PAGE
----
Film takes a nuanced look at end-of-life care

Some 100,000 chronically critically ill people are living on ventilators, according to a PBS Frontline report, "Facing Death," which examines the realities of today's high-tech, medicalized death. The cost for their care ranges between $20 billion and $25 billion a year.

"These are the broken survivors of intensive care," says Dr. Judith Nelson, who works in ICU at Mount Sinai Medical Center in New York City. "The better intensive care gets, the more of these intensive care survivors we have."

The U.S. may be alone in the world because its hospitals continue to allow patients to have an unusual expectation, she says. "When you come, you're coming to get something more."

The Frontline report follows the stories of several patients and their families facing end-of-life decisions. After seeing this report, it's easy to see one piece of what drives healthcare costs so high in America--end-of-life care. It often is driven by doctors hoping a patient will defy expectations and live another day despite underlying conditions and complications.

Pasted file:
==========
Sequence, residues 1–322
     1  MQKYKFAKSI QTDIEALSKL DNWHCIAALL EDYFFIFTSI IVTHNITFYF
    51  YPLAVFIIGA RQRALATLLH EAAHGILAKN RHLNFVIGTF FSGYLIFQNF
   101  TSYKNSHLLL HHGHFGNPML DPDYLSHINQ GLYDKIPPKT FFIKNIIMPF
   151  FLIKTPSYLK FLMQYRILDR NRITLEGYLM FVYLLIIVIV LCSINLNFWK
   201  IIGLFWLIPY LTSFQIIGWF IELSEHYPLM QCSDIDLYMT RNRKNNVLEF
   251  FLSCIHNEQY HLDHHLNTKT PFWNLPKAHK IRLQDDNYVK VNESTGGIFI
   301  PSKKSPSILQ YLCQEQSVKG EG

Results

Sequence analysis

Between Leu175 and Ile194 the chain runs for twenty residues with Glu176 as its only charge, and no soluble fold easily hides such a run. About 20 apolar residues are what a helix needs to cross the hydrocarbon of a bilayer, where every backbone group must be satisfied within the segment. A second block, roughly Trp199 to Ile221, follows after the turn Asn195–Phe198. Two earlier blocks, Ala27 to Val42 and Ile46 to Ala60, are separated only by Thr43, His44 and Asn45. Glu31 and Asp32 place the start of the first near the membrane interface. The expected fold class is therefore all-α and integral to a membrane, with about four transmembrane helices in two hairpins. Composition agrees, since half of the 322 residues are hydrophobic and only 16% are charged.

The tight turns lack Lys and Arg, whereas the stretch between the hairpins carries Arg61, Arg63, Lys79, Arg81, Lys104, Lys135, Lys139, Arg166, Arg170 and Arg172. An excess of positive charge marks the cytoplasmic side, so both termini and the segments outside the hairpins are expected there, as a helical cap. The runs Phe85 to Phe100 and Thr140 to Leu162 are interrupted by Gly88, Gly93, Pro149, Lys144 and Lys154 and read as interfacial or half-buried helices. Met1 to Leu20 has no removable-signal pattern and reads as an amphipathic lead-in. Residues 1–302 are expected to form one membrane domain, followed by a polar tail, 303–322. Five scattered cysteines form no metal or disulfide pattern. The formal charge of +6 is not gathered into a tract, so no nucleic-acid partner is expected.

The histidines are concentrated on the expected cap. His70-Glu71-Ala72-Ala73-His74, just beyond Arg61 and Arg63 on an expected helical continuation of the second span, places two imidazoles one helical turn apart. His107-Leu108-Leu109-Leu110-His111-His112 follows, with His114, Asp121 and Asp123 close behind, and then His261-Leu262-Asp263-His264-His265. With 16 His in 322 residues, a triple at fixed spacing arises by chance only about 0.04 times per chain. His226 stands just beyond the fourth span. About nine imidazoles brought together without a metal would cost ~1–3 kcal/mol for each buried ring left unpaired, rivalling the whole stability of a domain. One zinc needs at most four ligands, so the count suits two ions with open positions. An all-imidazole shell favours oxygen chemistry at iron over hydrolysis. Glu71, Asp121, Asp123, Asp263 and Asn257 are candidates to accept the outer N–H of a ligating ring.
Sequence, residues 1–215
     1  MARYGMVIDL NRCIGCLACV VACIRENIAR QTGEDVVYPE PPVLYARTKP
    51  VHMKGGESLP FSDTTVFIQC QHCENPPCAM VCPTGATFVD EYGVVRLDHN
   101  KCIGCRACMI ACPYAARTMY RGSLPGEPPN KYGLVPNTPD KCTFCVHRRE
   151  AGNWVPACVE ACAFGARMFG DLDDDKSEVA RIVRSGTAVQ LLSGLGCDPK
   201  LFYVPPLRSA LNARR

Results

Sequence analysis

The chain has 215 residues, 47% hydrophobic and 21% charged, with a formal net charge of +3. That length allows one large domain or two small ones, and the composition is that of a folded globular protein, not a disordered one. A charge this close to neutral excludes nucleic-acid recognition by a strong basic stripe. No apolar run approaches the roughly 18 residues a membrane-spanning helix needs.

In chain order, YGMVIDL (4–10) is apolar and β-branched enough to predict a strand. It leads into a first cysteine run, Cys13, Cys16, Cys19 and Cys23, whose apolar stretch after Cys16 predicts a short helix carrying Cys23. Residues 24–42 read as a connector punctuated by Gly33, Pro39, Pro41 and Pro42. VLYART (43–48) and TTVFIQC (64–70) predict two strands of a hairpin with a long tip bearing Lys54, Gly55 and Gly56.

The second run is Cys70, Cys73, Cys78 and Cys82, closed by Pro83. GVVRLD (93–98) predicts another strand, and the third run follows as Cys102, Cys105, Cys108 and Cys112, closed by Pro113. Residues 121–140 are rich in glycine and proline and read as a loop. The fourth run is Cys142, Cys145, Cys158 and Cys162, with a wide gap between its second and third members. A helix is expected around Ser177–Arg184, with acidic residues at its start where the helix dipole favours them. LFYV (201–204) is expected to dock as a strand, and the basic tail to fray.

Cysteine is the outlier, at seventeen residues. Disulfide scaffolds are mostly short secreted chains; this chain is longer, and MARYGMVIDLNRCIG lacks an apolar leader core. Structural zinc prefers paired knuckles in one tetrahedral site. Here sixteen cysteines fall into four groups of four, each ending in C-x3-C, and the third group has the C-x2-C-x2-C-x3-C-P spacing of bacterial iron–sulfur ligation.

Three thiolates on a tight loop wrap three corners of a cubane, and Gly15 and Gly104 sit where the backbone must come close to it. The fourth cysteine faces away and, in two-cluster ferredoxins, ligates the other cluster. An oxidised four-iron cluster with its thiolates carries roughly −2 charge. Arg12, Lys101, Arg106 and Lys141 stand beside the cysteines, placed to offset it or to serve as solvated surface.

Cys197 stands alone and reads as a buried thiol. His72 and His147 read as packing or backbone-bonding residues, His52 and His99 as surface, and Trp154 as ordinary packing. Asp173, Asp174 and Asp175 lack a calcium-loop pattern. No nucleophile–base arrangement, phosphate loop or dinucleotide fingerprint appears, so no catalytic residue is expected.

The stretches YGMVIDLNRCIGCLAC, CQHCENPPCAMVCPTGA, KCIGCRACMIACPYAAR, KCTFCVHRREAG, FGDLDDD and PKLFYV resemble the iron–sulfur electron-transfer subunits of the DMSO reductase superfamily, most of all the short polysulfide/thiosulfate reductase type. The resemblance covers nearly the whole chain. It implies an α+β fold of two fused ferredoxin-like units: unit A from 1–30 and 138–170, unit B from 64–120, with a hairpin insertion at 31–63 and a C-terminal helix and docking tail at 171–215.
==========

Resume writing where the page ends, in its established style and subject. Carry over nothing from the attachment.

"Thirty percent of all care is waste," says Dr. Jerome Groopman, who is a Harvard Medical School professor. "That's the new mantra." But he notes that it's hard to know what that means. And how do you apply that to a single person facing death? Making life or death decisions is complicated, because nearly 95 percent of patients cannot communicate, due to sedation or their underlying illness.

During the report, it becomes quite clear that some physicians will continue to give treatment in the face of great odds, while others do not.

"What's reversible? Will the patient rally?" asks Dr. Keren Osman, who works in Mount Sinai's bone transplant unit. Sometimes it only takes a little bit to put them back solidly into the realm of the living. But the opposite is common. "Sometimes you fight to the bitter end and you still lose," she says.

To learn more:
- see the PBS video
- here are facts and figures about death in America

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